There has been much discussion and hype happening for some time now about how industries are undergoing a “digital transformation.” This phrase can take on multiple definitions, strategies, and technologies depending on the specific industry involved. For manufacturers in the discrete industries (automotive, A&D, machines & equipment, medical devices, etc.) a digital transformation can translate to technology and solutions that enable a completely connected digital enterprise encompassing an end-to-end virtual lifecycle of product design, manufacturing processes, shop floor production systems, operational support and maintenance, and service in the field.
Terms like Industrial Internet of Things (IIoT) and Industrie 4.0 come to mind, and represent strategies and architectures that define a physical/cyber system of systems that connects the end-to-end lifecycle together. This technology and solution set is typically offered by leading PLM suppliers, and is often referred to as “closed-loop PLM.” This instance of the digital enterprise is referred to as the “digital thread” that ties all aspects of the product lifecycle together and enables all product stakeholders – product design, manufacturing and production systems, as well as product services – to be able to work from a common repository of digital information.
An important aspect and enabler of the digital thread is the concept of the “digital twin”, where the physical and virtual worlds of the product, including its engineering design and operational functions, are connected and merged to enable everything from design improvements, continuous process improvements, conditional states of the machine/system, to operations and maintenance. Manufacturing OEMs, and capital equipment suppliers are taking a hard look at existing business models around maintenance and support of their equipment. Using predictive and prescriptive analytics and the concept of continuous condition monitoring, they are considering new business models based on services and support – where the OEM maintains ownership of the equipment and sells a service to the customer.
This same concept of the digital thread can, and is, being applied to the design /construct / operate /maintain lifecycle of Building Information Modeling (BIM). One of the basic tenets of BIM is to provide an environment for the access and exchange of engineering design, procurement and materials management, and construction information across the Capex lifecycle. This continuum of design/construct information is now being extended to the Opex side of the lifecycle for asset management and operations and maintenance. The concept of asset information lifecycle management (ALIM) comes into play here. BIM is primarily a set of solutions for the Capex lifecycle today, but engineering – and even construction – information is needed by the owner-operator, whether the facility is a process plant or an office building complex.
BIM is an evolving concept that will modernise the construction industry. In its earliest iterations, the acronym “BIM” was appropriately used to describe CAD tools used in building design. For over two decades this definition held true. However, within the past five years, the term BIM has been increasingly used to describe a set of technologies, and today, a set of standards much more pervasive in building lifecycles.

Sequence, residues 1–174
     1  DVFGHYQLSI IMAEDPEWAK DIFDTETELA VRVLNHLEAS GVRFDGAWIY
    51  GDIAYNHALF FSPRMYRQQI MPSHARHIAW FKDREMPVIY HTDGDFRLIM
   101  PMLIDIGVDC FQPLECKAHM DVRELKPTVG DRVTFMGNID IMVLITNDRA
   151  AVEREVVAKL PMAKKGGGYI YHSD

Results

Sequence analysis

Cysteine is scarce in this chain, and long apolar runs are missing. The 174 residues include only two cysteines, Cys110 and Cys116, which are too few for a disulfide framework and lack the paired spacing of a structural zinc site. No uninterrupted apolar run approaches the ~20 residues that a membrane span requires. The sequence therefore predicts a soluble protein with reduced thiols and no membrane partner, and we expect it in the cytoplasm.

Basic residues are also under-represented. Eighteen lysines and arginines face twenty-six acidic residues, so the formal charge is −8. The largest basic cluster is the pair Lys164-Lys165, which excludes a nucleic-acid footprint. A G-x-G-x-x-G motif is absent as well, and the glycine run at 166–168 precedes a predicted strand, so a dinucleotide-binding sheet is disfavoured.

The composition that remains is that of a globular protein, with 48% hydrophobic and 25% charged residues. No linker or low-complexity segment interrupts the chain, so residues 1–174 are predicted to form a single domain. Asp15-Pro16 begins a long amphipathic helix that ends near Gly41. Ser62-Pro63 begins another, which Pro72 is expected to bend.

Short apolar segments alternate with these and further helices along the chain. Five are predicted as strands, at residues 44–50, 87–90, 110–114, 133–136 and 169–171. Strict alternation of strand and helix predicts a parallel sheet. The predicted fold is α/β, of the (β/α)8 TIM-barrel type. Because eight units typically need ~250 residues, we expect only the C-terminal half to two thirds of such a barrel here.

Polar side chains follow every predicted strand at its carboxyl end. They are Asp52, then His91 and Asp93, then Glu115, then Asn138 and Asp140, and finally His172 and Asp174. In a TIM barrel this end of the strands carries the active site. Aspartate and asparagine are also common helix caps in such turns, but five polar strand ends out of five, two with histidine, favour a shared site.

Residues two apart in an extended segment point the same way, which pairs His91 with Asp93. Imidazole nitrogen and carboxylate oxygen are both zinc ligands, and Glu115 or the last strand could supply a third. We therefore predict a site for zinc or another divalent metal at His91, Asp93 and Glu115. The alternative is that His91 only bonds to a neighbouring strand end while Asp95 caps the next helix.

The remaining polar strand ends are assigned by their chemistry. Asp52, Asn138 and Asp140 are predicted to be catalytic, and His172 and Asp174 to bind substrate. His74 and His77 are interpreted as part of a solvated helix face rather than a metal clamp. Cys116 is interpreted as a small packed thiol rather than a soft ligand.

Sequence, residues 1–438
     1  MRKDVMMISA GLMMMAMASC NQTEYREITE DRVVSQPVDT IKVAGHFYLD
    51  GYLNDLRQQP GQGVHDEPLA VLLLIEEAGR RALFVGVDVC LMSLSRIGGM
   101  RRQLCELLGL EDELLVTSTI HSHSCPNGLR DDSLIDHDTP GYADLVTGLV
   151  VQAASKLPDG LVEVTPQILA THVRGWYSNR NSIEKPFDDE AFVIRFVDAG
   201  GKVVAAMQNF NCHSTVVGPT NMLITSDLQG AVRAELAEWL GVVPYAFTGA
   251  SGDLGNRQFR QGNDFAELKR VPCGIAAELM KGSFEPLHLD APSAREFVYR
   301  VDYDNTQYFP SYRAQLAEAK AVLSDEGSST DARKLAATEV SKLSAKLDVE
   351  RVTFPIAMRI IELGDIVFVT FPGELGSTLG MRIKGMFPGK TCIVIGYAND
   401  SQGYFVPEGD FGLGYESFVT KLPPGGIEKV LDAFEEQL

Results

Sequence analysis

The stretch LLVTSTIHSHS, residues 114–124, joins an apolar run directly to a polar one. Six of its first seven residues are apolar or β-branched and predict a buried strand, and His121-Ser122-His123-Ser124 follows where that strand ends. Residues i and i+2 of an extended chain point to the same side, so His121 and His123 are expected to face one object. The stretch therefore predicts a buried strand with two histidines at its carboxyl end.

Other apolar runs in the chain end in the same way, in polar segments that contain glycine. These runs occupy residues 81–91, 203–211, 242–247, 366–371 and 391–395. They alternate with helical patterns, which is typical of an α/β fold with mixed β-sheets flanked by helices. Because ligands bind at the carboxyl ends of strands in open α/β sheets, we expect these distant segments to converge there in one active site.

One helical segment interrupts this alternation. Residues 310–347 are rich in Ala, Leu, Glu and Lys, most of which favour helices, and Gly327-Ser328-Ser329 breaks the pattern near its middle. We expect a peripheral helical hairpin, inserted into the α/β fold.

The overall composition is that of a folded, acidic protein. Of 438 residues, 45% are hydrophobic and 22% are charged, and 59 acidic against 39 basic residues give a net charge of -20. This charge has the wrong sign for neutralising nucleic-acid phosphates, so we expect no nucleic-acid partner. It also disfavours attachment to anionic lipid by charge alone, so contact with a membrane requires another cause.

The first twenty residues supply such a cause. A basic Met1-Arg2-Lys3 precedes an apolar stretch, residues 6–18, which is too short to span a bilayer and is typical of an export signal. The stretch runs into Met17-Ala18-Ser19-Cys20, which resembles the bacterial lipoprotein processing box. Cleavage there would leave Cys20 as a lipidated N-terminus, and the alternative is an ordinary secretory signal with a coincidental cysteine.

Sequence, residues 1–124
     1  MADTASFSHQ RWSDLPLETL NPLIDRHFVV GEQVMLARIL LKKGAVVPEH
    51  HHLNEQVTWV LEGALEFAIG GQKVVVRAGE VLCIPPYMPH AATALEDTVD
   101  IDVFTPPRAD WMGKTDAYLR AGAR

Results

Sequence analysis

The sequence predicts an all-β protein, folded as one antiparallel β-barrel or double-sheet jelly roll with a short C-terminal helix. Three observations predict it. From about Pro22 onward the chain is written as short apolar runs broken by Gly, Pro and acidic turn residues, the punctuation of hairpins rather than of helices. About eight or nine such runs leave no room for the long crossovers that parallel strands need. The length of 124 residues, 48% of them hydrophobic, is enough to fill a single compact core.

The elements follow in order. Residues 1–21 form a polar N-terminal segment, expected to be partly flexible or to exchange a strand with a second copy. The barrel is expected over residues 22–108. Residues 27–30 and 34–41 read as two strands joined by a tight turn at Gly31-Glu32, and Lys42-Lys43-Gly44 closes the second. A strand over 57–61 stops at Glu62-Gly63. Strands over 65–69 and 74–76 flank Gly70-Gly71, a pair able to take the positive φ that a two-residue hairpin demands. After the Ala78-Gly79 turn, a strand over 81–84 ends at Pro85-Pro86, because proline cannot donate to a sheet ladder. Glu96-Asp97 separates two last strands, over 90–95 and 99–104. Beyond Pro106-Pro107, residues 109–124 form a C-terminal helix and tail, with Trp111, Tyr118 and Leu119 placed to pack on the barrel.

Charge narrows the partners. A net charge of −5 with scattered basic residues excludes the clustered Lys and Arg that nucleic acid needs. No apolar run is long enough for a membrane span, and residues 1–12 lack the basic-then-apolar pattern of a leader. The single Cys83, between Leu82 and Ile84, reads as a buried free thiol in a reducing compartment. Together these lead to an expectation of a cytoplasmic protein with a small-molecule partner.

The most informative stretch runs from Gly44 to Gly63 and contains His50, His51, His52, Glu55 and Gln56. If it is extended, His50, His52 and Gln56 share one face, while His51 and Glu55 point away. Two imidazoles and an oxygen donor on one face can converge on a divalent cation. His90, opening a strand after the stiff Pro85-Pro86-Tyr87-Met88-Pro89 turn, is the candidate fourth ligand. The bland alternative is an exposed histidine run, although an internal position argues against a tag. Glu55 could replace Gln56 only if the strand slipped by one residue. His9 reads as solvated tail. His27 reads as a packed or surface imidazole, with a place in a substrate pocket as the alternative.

So, what is this new BIM? The Associated General Contractors of America describe BIM as an object-oriented building development tool that utilises 4D and 5D modeling concepts, information technology, and software interoperability to design, construct, and operate a building project, as well as communicate its details. In BIM terms, 5D is the linking of a 3D model with schedule and cost information, adding the 4th and 5th dimensions, respectively.
This evolution is driven by the need for a comprehensive design, construction, and hand-off process that allows for multidisciplinary input and management at each stage. Such a process is imperative for preventing the miscommunications, cost overruns, and schedule slippages that plague large capital construction projects. Organisations like Hexagon PPM have recognised that any such process must rely on a building model as the single source of truth, with all project information tied back to it. The concept of the digital thread fits very nicely with the notion of BIM information across a Capex/Opex lifecycle. Similarly, the concept of the digital twin that merges the physical world of assets with the virtual world of engineering design, works to sustain asset management.
I believe that this re-imagining of BIM could influence the architecture, engineering, and construction (AEC) industry in the same way that PLM has influenced the automotive industry. But what is the bigger picture? Will BIM change how capital projects are managed across industries? Will reduced risk and faster turnaround time prompt more frequent spending on capital projects or public infrastructure? How might BIM influence the development of smart buildings? We explored some of these questions and others in the panel session for Digital Transformation in Operations at HxGN LIVE 2018.
Senior Analyst Research Director
PLM & Engineering Design Tools
ARC Advisory Group